by Ellen Hunt
Originally published: September 22, 2017
We asked readers with a disability to share their experiences – good and bad. Their responses show the many ways people can be shut out of their communities.
“Sandwich boards on pavements, a crowd of smokers blocking the disabled entrance, bins or vans parked over lowered pavement edges, disabled toilets being used as performers’ changing rooms or storage, ‘accessible ramps’ being far too steep or only available on request, scaffolding on both sides of the street, pushchairs filled with shopping in the wheelchair space on the bus, the housekeeping trolley left in the lift – you get the picture!”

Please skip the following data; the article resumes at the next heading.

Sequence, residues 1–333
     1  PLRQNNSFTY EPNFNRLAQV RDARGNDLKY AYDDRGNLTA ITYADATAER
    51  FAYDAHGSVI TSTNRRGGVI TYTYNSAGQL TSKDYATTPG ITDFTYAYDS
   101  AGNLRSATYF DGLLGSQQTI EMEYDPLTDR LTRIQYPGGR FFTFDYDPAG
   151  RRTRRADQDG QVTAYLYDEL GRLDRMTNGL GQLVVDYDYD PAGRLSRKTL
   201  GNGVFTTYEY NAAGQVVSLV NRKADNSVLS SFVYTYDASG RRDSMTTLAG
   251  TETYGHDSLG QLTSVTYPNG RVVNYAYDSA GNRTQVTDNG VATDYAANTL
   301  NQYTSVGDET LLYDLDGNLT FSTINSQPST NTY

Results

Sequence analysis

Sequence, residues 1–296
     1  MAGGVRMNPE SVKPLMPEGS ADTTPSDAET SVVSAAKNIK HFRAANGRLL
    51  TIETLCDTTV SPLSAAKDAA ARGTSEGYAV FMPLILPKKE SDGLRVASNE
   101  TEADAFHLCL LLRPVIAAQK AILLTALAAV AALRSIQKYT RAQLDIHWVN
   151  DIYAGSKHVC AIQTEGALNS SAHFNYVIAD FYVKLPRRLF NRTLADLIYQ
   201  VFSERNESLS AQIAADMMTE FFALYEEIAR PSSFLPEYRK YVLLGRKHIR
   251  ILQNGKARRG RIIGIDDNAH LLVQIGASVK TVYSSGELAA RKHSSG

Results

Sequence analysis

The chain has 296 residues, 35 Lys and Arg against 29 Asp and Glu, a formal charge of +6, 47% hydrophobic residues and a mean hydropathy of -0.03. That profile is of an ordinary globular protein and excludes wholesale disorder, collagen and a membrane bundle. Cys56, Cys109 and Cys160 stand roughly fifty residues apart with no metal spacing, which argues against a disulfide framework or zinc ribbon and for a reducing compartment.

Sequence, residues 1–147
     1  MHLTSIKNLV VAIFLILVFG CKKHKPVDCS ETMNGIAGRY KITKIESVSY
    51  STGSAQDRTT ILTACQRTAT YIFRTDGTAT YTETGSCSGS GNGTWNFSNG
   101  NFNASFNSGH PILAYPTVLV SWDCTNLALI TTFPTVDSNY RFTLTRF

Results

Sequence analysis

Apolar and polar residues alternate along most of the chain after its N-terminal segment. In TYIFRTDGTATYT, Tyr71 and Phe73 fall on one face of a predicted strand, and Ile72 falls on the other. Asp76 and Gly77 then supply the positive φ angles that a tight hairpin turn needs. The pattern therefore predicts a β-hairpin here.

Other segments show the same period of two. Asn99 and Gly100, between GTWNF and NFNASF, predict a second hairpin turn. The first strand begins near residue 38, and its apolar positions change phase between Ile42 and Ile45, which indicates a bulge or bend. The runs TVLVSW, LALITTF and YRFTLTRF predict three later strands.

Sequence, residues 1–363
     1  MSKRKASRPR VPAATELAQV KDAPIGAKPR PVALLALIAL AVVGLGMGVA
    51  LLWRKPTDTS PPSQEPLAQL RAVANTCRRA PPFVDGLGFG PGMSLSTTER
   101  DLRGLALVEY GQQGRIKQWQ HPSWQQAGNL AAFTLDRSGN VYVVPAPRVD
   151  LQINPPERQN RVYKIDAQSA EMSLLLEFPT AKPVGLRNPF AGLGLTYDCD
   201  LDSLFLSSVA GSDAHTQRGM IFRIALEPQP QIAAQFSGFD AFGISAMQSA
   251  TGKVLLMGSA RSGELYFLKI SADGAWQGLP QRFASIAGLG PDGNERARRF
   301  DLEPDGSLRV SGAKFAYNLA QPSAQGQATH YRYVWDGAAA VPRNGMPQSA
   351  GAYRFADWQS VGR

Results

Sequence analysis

One Guardian Cities reader painted a vivid picture of what it’s like to navigate a city in a wheelchair. Following our report on Chester, Europe’s most accessible city, we asked readers with a disability to share their experiences of accessing cities, good and bad.
We’ve shared a selection of responses from around the world below. They are testament to the ways in which people can be shut out of their communities, whether it be by infrastructure, poor or outdated planning, or simply thoughtlessness.